On Wednesday, Feb. 24, Fairfax County Police served 20 arrest warrants, all for possession and or distribution of heroin. They had obtained 37 warrants, but with severe thunderstorms that rolled in quickly during the evening rush hour, the operation had to be cut short.
Of those 20 who qualified as low-level users, they were given the choice while appearing before a magistrate at the Adult Detention Center to be taken to the Merrifield Crisis Center and evaluated for treatment services, or continue being processed at the jail.
Twelve individuals took the offer and rode a donated Fastran bus to the Crisis Center off Gallows Road in Fairfax, a facility of the Fairfax Falls Church Community Services Board. Those 12 were evaluated and five began rehabilitation treatment immediately.
The massive arrest operation, dubbed Save-A-Life through CAST (Chiefs and Sheriffs Together), was a multi-jurisdiction affair, including Sheriff and Police Departments in Loudoun and Prince William counties, the city of Alexandria, Manassas and the Virginia State Police.
Overdose deaths from heroin and opioid prescription medication have been on the rise around the United States; the two have been linked as people who develop addictions to prescription pain medicine such as oxycodone often move on to cheaper and more readily available heroin to continue chasing their chemical high.
Representatives from several of the law enforcement agencies gathered at the Merrifield Crisis Response Center the day after the operation to brief members of the media.
Loudoun County Sheriff Mike Chapman said, “There’s no one solution to this, but a lot of different solutions we’re trying to pull together.”
Virginia State Police Captain Greg Kincaid said troopers made three arrests on the day of the event, also pulling from ongoing investigations. Two of those were distributors bringing heroin into Fairfax County.
THOSE ARRESTED ranged in age from early twenties to mid-thirties, according to Fairfax County Police Department Commander of the Organized Crime and Narcotics Unit Captain Jack Hardin, who supervised the operation.
Hardin said more than half of the individuals were men and the rest women, and were spread out, nearly evenly, across all magisterial districts in Fairfax County, except McLean.
Once the individuals were taken to the Fairfax County Adult Detention Center, most went before a magistrate or judge and were given the choice to either be transported to the Merrifield Crisis Response Center and submit to being evaluated for services, or remain at the jail.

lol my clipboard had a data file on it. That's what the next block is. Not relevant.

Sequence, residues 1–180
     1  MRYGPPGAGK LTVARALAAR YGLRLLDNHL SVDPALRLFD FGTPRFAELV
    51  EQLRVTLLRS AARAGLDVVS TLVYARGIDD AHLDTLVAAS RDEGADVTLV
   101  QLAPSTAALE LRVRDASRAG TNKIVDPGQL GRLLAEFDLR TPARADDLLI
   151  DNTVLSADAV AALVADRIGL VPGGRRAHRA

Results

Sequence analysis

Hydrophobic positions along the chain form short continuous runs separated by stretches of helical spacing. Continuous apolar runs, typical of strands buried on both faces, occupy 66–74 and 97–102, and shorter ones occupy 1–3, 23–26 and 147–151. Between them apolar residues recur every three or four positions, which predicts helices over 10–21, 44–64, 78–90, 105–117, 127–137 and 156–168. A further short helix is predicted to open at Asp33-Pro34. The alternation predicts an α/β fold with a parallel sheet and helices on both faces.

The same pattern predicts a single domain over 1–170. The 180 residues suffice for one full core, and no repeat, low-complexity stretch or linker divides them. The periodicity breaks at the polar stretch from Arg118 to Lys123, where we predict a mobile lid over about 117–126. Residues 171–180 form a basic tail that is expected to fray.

Fairfax-Falls Church Community Services Board assistant deputy director Lyn Tomlinson said the vast collaborative event falls under the “Diversion First” program intended to keep certain offenders out of jail.
For those who could benefit from treatment at the CSB, Tomlinson said they “would be better served with services than incarceration.
“Recovery is truly possible,” she continued. “We’re proud of the individuals who decided to take a chance on treatment. It’s not an easy decision, I appreciate their courage.”
“We’re proud of the individuals who decided to take a chance on treatment. It’s not an easy decision, I appreciate their courage.”
— Lyn Tomlinson
Supervisor Pat Herrity (R-Springfield) brought a board matter before the Fairfax County Board of Supervisors in October 2014, explaining there had been a 163 percent rise in heroin overdoses in northern Virginia between 2011 and 2013, and asking the board to have the county executive investigate the problem further.
“It starts with awareness,” Herrity said at the press event. Deaths from overdose “exceed car deaths in Virginia,” he said. “It’s underreported, and bigger than we think.”
Thirty-year-old Nick Yacoub of Great Falls added a human element to the discussion, sharing his story of substance abuse that dates back nearly 20 years when he began using drugs prescription medicine that was not his. Prescription drugs were eventually replaced by heroin and other substances, Yacoub said, but regardless, “Addiction is addiction.”
At his worst, or at the greatest extent of his addiction, Yacoub said he had a $3,000 per week habit that he financed in part by selling drugs, as well. “I considered it as still partying and having fun,” what he had been doing at ages 19-21.
Yacoub entered a 28-day recovery program after being arrested for Driving Under the Influence. He himself had been evaluated at the CSB, and credits the services he received, as well as a strong support networks of friends and family for helping him turn his life around.
Yacoub is now a peer support specialist supervisor and senior recovery coach with Substance Abuse Addiction and Recovery (SAARA). He also spends a lot of time speaking in public settings about his story.
“I’m comfortable in my own skin today,” Yacoub said. “I don’t hate what’s looking back, I’m not a chameleon, I’m consistent.”
Yacoub wanted to emphasize that people struggling with addiction are facing a disease. “It doesn’t turn them all into liars, cheats and thieves,” he said. “They’re not bad people trying to be good, they’re sick people.”
Though the Diversion First program was not instituted in its current form when he was arrested, Yacoub said he believes it would have helped him.
Hardin acknowledged the importance of a smooth handoff between police and the CSB, for helping more individuals like Yacoub get the recovery services they need. “Enforcement alone is not going to solve this problem,” he said.
FOR MORE INFORMATION about heroin use in Fairfax County, and what the government is working on to rein it in, visit www.fairfaxcounty.gov/news2/confronting-heroin-in-our-community.